1 vote lindapanzo | Apr 24, 2017 |
The parallels between this book and [book: The Guernsey Literary and Potato Peel Pie Society] are obvious – both epistolary novels about women on the homefront of England as WWII heats up, telling the story from several women's points of view. Here there is a choir instead of a book club, but it is the story of villagers coming together to endure the horrors of the war at home.

Regardless, though, this is a lovely book. The likeable characters are very likeable, and the unlikeable ones are truly loathsome (at about the halfway point I was all but praying for the death of one). The women's individual voices as evidenced in letters and journal entries are fairly distinct, especially the youngest, Kitty, the precocious had–been–youngest child of the local blue bloods. Her voice might be a little too precocious, a little too adult, in its language, but its attitudes are pretty much dead on.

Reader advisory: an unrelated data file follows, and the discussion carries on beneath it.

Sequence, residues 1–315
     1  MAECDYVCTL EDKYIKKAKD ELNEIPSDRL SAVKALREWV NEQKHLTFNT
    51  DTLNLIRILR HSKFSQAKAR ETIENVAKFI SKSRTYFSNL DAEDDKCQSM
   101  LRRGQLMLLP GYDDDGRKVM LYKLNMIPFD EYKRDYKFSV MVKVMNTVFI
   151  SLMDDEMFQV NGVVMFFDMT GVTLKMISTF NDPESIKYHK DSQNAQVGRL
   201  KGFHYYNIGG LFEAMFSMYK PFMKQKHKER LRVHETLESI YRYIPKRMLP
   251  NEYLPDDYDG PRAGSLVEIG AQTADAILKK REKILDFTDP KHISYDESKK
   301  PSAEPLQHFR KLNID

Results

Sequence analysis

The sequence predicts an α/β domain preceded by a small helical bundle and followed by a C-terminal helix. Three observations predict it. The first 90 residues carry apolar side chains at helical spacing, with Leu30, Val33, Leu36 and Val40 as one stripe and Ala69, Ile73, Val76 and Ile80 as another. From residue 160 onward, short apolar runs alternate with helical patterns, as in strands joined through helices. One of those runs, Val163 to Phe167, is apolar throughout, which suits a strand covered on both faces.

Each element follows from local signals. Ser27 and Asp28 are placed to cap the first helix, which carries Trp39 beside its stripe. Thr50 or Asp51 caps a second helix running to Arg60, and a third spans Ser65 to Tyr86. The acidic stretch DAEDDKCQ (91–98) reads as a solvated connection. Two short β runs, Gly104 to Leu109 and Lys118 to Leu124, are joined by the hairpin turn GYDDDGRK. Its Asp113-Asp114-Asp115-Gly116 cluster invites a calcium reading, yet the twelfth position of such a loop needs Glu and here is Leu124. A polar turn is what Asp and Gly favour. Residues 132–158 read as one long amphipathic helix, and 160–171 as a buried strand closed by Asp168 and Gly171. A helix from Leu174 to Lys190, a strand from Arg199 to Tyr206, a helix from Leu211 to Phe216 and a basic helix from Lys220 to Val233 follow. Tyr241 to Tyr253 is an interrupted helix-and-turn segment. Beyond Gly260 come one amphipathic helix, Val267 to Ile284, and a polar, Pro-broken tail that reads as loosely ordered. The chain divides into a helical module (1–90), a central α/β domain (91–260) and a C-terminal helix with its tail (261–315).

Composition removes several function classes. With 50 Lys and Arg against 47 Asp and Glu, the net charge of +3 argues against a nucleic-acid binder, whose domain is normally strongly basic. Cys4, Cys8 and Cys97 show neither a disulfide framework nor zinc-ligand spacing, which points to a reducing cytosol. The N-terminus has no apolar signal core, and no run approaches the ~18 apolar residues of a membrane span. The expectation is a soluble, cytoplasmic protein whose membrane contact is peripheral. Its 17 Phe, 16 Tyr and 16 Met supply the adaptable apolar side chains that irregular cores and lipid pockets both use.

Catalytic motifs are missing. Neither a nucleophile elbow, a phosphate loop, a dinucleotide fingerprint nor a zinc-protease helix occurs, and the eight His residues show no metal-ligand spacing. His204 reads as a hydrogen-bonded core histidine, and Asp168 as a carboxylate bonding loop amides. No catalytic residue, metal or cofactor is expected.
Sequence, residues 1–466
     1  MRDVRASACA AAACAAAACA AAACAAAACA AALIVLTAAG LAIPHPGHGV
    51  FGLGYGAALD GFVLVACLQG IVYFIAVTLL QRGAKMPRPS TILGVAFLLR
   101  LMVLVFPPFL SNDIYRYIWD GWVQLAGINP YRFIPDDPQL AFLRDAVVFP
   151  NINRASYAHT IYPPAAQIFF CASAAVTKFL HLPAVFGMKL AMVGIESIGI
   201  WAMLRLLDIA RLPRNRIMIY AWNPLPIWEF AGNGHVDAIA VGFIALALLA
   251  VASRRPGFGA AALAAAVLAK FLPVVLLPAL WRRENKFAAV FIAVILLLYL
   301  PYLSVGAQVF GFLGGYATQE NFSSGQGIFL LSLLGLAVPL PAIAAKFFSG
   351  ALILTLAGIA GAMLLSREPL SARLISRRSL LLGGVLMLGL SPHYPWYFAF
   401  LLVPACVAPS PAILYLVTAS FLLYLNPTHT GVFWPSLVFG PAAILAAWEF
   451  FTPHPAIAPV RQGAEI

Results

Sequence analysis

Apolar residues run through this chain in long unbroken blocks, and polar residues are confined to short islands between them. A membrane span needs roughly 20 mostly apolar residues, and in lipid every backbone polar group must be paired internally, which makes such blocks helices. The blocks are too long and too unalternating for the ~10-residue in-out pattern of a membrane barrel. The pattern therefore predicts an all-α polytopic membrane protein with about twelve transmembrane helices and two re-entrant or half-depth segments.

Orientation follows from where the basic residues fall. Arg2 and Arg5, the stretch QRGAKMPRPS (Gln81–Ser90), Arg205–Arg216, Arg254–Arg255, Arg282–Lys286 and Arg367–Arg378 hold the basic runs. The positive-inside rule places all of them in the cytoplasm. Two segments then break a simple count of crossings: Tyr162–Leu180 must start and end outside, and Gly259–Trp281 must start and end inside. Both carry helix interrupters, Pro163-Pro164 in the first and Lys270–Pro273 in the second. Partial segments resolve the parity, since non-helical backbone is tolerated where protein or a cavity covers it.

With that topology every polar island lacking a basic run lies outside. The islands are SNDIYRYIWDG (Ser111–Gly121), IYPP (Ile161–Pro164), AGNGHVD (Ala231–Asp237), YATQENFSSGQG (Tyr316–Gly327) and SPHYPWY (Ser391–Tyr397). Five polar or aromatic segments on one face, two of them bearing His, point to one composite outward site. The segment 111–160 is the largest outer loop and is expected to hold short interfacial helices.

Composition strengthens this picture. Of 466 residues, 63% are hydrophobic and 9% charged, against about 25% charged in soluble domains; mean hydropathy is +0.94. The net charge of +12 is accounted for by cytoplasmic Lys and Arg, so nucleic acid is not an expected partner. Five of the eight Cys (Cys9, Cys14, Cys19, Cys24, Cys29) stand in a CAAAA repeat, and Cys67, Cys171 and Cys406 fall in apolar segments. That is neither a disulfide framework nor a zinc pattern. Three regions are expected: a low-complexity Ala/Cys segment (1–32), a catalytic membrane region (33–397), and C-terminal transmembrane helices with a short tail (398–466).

Except … I continually find it deeply frustrating that girls and women who know better engage in the sort of behavior Lavinia (?) does. "I'm being careful", she says. And then she is shocked – shocked, I say! – when after sleeping with her inamorato every chance she gets she finds herself – gasp! – pregnant. Never saw that coming! Passion. I get it. I do. But for heaven's sake, why does "passionate" automatically mean "stupid"? I mean, if you go to the worst part of town and leave your car unlocked with the keys in the ignition, you have basically requested that your car be stolen. If you drink for several hours and then weave your way out to your car, you have tacitly agreed to having – or causing – an accident. If you decide to play golf with some nice metal clubs in the middle of a thunderstorm with heavy lightning, you have indicated your willingness to be struck by lightning. And if you have unprotected sex with someone who just doesn't care … well. The girl is young – but she's not stupid, and – as evidenced by her comment about being careful – she knows that sex leads to pregnancy, unlike girls left in ignorance in previous centuries, when sex was too awful a subject to be discussed and so girls really are shocked by what that nice man wants to do and by the result. Just once, I feel like I'd like to see a reaction from someone more along the lines of "Welp, that was predictable."